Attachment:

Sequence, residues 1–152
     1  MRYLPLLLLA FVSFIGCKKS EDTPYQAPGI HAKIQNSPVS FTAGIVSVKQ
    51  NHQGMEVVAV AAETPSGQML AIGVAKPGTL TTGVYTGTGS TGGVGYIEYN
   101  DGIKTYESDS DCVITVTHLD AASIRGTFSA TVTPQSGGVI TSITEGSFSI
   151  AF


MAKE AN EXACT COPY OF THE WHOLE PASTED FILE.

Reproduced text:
Sequence, residues 1–152
     1  MRYLPLLLLA FVSFIGCKKS EDTPYQAPGI HAKIQNSPVS FTAGIVSVKQ
    51  NHQGMEVVAV AAETPSGQML AIGVAKPGTL TTGVYTGTGS TGGVGYIEYN
   101  DGIKTYESDS DCVITVTHLD AASIRGTFSA TVTPQSGGVI TSITEGSFSI
   151  AF